Past years’ themes include “A New Multilateralism” (1996), Terrorism” (2001), “Strangers in a Common Land: Preserving Israel and Palestine” (2003), and “Bridging the Gap: Combatting Global Poverty” (2009). The theme for the 2012 conference, held this past spring, was “The Eclipse of the West?” The year I attended the conference (2010), the theme was “National Security Beyond the Horizon: Changing Threats in a Changing World.” Under this heading, there were several sub-topics that made up the different roundtable discussion panels. These included “Terrorism: A New Dimension of National Security,” “The Rise of the BRICs,” “Cuba Conundrum,” “The End of Suburbia,” and “Conflict and Peace in the Middle East.”
As my research interests were focused heavily on terrorism, the roundtable discussion panel to which I was assigned was “Terrorism: A New Dimension of National Security.” Each day of the five-day conference, I and my fellow panelists sat around a big table in a conference room on the Naval Academy campus and discussed and debated issues related to terrorism, from the rise of “homegrown” terrorists to the roots of Islamic extremism to U.S. foreign policy in the Middle East. As the Iraq War was still very much on the minds of Americans in those days, the discussion often went into issues about the connection (or lack thereof) between the Iraq War and 9/11 and about the entire concept of a “Global War on Terror.”
Among the participants in my panel were several undergraduate students from various prestigious universities in the U.S.; a handsome and exceedingly polite young naval officer from the Australian navy; two young officers from the Saudi military who were also members of the Saudi royal family (and looked barely out of their teens), along with their incredibly stern minder, a high-ranking Saudi military official who never left their sides and monitored every single word they said; and a brilliant and hilarious young Iraqi man named Omar, a Rhodes scholar who was currently living in New York and working as a freelance journalist for Reuters and other respectable other news outlets. Omar had interviewed some of the most influential figures in the Middle East, including Iranian President Mahmoud Ahmadinejad. Omar had also lost his entire family, including his two-year-old daughter. They had all been killed in the chaos and violence that descended on Iraq following the 2003 U.S.-led invasion.
Omar and I immediately hit it off on the first day of the conference, due in large part to the fact that he and I shared almost identical views on just about everything, and the fact that these views almost always pitted the two of us against everyone else in our roundtable discussion panel. For instance, Omar and I both believed that U.S. foreign policy in the Middle East was at least partly to blame for the rise of violent Islamic extremism. The others in our group generally did not. Omar and I both saw the U.S. invasion and occupation of Iraq as fundamentally unjust and immoral. The others in our group did not. Omar and I believed that the fact that the U.S. claims to be a beacon of democracy and a defender of human rights while it props up vicious dictators is a bit ridiculous. The others did not.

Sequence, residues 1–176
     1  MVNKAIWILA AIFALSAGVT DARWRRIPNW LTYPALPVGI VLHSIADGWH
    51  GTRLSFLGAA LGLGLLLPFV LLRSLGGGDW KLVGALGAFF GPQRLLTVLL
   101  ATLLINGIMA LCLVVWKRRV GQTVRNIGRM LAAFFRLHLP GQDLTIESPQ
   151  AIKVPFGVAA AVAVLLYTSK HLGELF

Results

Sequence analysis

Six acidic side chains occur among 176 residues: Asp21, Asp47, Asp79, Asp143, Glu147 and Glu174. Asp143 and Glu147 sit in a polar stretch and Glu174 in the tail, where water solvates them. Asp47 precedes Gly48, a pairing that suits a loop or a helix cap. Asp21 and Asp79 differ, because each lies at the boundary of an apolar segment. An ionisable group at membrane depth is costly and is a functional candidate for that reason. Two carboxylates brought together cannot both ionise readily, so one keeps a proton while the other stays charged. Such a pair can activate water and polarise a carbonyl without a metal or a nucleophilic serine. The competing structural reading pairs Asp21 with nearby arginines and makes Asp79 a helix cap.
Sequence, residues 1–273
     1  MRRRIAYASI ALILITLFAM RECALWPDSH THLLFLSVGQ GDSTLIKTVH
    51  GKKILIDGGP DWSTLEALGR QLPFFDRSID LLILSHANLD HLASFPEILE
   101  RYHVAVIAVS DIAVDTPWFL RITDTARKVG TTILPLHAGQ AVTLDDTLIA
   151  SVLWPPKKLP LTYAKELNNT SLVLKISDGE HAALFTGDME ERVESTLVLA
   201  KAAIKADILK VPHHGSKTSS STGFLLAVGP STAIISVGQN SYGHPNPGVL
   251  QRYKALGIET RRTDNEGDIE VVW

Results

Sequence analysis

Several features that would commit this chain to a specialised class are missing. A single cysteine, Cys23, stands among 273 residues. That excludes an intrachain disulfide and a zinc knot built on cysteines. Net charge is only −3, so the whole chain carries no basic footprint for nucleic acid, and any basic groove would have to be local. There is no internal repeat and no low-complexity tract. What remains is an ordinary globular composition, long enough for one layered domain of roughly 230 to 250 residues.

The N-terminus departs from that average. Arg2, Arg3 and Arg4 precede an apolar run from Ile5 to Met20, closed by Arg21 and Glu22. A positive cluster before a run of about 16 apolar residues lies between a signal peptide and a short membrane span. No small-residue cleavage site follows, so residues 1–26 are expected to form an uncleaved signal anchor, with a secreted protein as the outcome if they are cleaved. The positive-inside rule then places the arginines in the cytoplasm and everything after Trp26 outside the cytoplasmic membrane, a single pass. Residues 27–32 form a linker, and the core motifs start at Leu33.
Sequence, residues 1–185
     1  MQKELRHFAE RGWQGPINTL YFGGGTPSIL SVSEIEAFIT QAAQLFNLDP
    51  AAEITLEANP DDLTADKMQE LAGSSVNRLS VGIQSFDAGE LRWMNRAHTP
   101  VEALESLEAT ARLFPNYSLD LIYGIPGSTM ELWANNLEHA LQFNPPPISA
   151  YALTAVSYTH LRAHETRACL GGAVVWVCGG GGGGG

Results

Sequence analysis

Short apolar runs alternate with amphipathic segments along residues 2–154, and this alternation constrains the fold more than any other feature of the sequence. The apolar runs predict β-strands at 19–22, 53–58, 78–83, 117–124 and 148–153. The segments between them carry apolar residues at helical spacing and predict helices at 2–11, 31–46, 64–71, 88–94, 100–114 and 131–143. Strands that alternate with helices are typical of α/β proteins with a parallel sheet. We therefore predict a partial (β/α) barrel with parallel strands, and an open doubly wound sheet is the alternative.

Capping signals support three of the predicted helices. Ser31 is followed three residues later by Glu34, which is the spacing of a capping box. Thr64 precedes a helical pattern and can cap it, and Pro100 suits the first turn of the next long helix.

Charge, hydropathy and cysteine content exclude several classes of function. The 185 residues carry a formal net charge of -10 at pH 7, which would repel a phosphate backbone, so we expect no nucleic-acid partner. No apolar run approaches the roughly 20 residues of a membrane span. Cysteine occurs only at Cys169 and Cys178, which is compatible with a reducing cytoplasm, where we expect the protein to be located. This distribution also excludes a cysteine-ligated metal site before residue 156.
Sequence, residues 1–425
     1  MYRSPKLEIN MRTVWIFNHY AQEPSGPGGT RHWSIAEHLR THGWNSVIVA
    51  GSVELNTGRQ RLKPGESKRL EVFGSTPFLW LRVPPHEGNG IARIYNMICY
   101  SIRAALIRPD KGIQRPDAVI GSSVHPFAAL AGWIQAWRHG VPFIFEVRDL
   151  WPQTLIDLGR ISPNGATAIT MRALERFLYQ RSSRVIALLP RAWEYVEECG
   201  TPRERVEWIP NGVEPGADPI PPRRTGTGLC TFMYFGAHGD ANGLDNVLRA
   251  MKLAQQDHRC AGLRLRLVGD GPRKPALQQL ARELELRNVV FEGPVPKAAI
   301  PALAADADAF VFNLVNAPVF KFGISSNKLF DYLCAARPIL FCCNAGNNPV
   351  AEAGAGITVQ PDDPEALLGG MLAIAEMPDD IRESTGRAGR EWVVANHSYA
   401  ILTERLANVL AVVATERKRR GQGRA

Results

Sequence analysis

The two young Saudi military officers defected to the Middle East roundtable after only two days. This was undoubtedly in response to a particularly lively discussion in which Omar and I pointed out that the government of Saudi Arabia was a bit repressive and that it bore some of the responsibility for the rise of Islamic extremism because of its extensive bankrolling of Wahhabi madrassas across the globe. Understandably, this did not sit well with the two Saudi royals, and they left. Miraculously, our roundtable panel survived the loss of these two young men, who were so unbelievably arrogant and removed from reality that in response to criticism regarding Saudi Arabia’s prohibition against women driving, one of them replied, with complete and utter sincerity, “But the women of Saudi Arabia do not need to drive! They all have drivers!” Evidently, the idea that there might be women in their country who were not extravagantly wealthy had never even occurred to them.
On the second day of the conference, R. James Woolsey, the former Director of Central Intelligence and head of the Central Intelligence Agency (CIA), came to give a speech. At the time, I did not really know who he was, as his tenure in office had taken place in the early- to mid-1990s (1993-1995), while I was still a child. I did not yet know the critical role he had played in selling the American people on an unjust and immoral war. Of course, I knew the names Wolfowitz, Cheney, Rumsfeld, Feith, etc., and I was quite familiar with figures such as Bernard Lewis and Fouad Ajami, but the name Woolsey meant little to me at the time. Thus when I sat down next to Omar in the huge auditorium, filled to capacity with all of the NAFAC participants and organizers, to hear Woolsey speak, I had no preconceived ideas about him. I did not yet know the full extent of his crimes against human decency and rational thought. To me, he was just some “distinguished” guest speaker they had paid to come talk to us about the wonderful world of foreign policy.
That all changed as soon as he opened his mouth. Woolsey talked about how the world had changed since the end of the Cold War and about the “new” security challenges facing the U.S. in the post-9/11 world. Woolsey, with a cocky swagger and a snide, flippant tone, reminisced about the “good old days” of the Cold War, when we at least had a “civilized” enemy (the Soviets). This was in contrast to today’s enemy (some ill-defined amalgam of Iran, al- Qaeda, and Muslim “fanatics”). Woolsey explained that back during the Cold War, you could sit down with your enemy over a bottle of wine and have a decent conversation like two human beings. Not so with these fanatics today. I do not have the exact transcript of what he said in his speech, but in an interview he gave in January 2009, Woolsey expressed almost the exact same sentiment: